Craig Keefe, Plaintiff–Appellant v. Beth Adams; Connie Frisch; Kelly McCalla, Defendants–Appellees. Foundation for Individual Rights in Education; Alliance Defending Freedom; Student Press Law Center; Electronic Frontier Foundation; American Booksellers Foundation for Free Expression; National Coalition Against Censorship; American Civil Liberties Union of Minnesota, Amici on Behalf of Appellant.
After Central Lakes College (CLC) received student complaints about posts on Craig Keefe's Facebook page, he was removed from the Associate Degree Nursing Program for behavior unbecoming of the profession and transgression of professional boundaries. Keefe filed suit against several CLC administrators, alleging violations of his First Amendment and due process rights. After some defendants were dismissed, the district court 2 granted the remaining defendants summary judgment. Keefe v. Adams, Civ. No. 13–326, Order (D. Minn. Aug. 26, 2014). Keefe appeals. Reviewing the grant of summary judgment de novo, we affirm. See Richmond v. Fowlkes, 228 F.3d 854, 857 (8th Cir. 2000) (standard of review).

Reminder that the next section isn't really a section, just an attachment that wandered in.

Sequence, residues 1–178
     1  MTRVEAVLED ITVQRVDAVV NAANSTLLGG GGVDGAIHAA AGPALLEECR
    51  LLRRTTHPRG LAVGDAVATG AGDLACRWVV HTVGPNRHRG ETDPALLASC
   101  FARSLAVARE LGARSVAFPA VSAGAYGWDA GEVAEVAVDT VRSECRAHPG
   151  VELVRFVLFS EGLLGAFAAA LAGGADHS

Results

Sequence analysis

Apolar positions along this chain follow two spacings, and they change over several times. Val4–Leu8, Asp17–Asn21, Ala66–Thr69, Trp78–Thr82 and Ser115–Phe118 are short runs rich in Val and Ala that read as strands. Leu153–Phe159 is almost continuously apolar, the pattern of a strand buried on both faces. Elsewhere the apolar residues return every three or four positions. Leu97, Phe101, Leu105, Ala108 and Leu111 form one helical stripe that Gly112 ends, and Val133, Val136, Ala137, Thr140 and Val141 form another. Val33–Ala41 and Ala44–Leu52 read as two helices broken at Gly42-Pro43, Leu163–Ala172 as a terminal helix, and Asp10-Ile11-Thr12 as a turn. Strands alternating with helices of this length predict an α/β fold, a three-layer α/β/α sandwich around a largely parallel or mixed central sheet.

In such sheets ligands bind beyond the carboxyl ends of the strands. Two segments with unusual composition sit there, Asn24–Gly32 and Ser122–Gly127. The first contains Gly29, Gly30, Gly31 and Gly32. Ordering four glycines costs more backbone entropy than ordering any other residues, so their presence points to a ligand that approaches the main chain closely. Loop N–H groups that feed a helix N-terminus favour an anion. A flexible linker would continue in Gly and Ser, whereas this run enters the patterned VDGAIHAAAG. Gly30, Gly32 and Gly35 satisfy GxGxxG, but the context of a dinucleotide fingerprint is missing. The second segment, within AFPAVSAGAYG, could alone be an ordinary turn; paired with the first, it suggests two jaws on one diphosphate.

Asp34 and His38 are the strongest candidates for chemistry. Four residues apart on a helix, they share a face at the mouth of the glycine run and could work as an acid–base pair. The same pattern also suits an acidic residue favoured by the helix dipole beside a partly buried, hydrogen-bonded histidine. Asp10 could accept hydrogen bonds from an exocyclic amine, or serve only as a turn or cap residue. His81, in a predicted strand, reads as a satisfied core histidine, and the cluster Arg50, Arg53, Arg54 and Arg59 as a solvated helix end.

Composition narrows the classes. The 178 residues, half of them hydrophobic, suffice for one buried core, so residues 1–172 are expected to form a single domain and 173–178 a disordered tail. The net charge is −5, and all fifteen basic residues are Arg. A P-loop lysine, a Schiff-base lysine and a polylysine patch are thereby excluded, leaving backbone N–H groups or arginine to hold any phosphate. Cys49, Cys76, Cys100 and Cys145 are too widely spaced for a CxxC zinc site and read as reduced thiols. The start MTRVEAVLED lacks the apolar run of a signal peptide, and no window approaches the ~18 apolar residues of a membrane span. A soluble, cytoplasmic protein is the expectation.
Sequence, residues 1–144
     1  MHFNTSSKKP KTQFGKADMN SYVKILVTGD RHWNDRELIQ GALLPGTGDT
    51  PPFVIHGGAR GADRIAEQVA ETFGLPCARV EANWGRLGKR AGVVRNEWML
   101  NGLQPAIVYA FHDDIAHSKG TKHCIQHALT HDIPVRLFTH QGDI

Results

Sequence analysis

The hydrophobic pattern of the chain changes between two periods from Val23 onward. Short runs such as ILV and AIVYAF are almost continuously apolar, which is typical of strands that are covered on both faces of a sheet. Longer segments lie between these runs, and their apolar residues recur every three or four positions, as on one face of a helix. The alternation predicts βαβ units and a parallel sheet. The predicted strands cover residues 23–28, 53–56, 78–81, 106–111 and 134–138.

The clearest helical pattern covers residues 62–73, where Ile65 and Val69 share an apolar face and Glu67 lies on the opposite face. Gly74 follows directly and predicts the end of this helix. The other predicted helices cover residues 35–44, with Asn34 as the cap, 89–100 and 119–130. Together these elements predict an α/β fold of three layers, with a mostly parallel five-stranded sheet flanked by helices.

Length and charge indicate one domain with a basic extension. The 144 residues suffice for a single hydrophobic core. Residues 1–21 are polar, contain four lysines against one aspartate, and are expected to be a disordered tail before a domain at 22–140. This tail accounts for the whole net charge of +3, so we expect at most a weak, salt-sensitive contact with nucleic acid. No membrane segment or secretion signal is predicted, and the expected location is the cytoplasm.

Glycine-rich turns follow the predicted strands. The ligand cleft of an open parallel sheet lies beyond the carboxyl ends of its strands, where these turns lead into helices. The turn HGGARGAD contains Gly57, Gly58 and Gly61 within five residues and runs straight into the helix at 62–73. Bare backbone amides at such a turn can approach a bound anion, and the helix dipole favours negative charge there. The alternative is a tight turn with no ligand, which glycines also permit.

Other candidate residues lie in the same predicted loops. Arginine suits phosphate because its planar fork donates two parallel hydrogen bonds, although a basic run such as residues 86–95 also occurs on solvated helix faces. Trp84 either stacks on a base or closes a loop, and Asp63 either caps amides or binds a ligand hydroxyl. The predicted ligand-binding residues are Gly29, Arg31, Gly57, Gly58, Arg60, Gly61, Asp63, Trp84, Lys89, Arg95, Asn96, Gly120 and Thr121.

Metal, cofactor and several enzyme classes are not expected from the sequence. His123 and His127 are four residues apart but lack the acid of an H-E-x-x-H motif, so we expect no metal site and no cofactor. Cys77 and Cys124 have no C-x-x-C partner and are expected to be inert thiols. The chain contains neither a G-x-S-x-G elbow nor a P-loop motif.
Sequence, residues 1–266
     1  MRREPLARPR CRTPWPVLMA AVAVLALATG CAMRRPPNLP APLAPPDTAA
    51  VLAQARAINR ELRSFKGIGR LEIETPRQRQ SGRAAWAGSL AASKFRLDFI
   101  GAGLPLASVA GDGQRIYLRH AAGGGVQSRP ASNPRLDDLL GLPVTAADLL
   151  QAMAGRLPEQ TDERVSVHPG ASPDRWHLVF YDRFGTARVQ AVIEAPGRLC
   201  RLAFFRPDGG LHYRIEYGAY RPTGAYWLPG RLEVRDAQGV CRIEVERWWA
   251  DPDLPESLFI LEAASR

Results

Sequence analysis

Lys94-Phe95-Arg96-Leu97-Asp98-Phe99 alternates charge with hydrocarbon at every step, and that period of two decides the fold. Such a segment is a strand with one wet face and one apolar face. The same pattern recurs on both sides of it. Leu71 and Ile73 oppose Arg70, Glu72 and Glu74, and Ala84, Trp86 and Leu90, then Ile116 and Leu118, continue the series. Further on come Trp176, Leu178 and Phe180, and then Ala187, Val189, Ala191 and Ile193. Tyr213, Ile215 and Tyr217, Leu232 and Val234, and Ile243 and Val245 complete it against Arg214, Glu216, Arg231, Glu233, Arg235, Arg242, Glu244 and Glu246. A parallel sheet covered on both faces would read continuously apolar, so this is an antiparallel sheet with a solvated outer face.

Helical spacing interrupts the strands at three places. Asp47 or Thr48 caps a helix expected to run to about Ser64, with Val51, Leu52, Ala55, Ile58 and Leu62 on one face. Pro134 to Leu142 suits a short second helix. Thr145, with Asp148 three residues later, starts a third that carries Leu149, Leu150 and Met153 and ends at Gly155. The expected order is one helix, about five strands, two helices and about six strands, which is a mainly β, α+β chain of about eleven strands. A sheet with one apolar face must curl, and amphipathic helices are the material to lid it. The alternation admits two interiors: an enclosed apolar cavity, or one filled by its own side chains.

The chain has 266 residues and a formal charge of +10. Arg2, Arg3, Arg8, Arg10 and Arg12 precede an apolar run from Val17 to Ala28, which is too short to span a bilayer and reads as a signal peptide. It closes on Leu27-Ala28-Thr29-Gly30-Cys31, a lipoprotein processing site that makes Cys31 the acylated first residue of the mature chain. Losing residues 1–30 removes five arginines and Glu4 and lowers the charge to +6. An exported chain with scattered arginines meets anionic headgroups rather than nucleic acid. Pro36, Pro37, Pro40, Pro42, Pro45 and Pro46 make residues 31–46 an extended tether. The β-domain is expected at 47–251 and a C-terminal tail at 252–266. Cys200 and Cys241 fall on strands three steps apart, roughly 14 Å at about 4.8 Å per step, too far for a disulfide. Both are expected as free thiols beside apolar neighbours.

A. The Events Leading to Removal. Keefe completed the practical nursing program at CLC and became a licensed practical nurse in June 2011. He enrolled in the Associate Degree Nursing Program in the fall of 2011, seeking to become a registered nurse. He was dismissed at the end of that semester for failing to maintain the required grade levels in all nursing courses. He reapplied, was admitted to the Program, and again began classes in the fall of 2012.
In late November, a student complained to Keefe's instructor, Kim Scott, about several posts Keefe had made on his public Facebook page. She provided Scott printouts of five posts she felt were threatening and related to the classroom. A few days later, a second student approached Scott at the start of a clinical class in which she was enrolled with Keefe. She told Scott that Keefe made statements on Facebook that “made her feel extremely uncomfortable and nervous,” and that “she didn't feel she could function in the same physical space with Craig at the clinical site.” Concerned about patient care and safety in the clinic, Scott separated Keefe and the student during the shift. The student forwarded the posts to Scott later that day.